Energy technology company REstore has been selected to sell emergency power, known as committed Short Term Operating Reserve, to the UK’s National Grid.

Whenever power demand threatens to outstrip power supply, National Grid calls upon companies such as REstore to rebalance the grid in real-time. However, unlike incumbent providers of emergency power, REstore balances the grid by managing pure demand, instead of relying on back-up from diesel generators.

This disruptive model has been selected as it has proven to be a greener, more cost-efficient approach to energy management.
Jan-Willem Rombouts, co-CEO of REstore
REstore’s offer to National Grid was composed of energy aggregated from commercial and industrial consumers, essentially releasing power back into the grid when it’s needed most.

Instead of loading the grid with energy from gas-fired ‘peaker’ plants or diesel generators to increase power supply, REstore’s approach eases pressure on the grid by reducing pure power demand. Working with big consumers in sectors such as the steel, cement, or water treatment industries, REstore identifies where energy usage can safely be curtailed without affecting business operations.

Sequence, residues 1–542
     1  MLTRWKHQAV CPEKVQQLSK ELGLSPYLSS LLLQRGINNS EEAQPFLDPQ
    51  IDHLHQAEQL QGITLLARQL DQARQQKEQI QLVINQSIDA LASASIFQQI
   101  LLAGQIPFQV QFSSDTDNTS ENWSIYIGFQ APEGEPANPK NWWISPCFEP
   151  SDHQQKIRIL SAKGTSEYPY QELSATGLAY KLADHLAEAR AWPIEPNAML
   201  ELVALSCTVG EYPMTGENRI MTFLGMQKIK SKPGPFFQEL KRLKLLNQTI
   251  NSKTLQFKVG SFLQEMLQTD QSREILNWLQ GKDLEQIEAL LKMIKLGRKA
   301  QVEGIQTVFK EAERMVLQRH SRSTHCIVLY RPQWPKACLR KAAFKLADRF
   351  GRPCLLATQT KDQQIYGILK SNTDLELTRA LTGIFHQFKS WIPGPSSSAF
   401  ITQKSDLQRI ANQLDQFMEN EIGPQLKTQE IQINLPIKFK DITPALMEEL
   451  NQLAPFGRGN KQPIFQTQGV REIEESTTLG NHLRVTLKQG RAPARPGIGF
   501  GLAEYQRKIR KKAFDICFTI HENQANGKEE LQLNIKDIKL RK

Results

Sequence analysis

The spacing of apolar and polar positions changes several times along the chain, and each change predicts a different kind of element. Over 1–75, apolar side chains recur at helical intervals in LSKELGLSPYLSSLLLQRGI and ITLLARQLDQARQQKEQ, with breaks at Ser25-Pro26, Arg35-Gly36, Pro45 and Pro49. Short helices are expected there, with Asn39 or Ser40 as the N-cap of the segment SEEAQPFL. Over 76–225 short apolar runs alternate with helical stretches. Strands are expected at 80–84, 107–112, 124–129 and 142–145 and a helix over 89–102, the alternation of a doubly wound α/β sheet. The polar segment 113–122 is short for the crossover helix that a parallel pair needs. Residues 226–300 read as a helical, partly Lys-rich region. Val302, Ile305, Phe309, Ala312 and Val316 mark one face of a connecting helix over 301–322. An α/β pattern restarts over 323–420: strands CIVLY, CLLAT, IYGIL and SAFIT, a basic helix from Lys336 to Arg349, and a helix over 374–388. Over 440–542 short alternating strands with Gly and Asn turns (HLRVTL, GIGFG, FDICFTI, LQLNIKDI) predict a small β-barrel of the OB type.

The total amount of energy REstore can save is equivalent to taking 30,000 households off the grid. REstore’s approach reduces CO2 emissions and helps bring down the cost of electricity

Jan-Willem Rombouts, co-CEO of REstore (pictured), said:“It only takes a few small changes to make a big difference to the electricity grid’s stability. Our British customers can significantly alleviate pressure on the grid, just by individually making tiny reductions in their energy consumption. By the end of 2014, we’ll be able to provide the UK with the equivalent output of a gas-fired plant.”

Some of REstore’s commercial and industrial customers net nearly half a million pounds in annual payments for limiting their energy consumption. Additionally, some customers are able to save up to 10 per cent on their annual energy bill.

Large manufacturing companies, including Sahaviriya Steel Industries UK, Barclays, Praxair and Lhoist have recently joined REstore’s Demand Response programmes.

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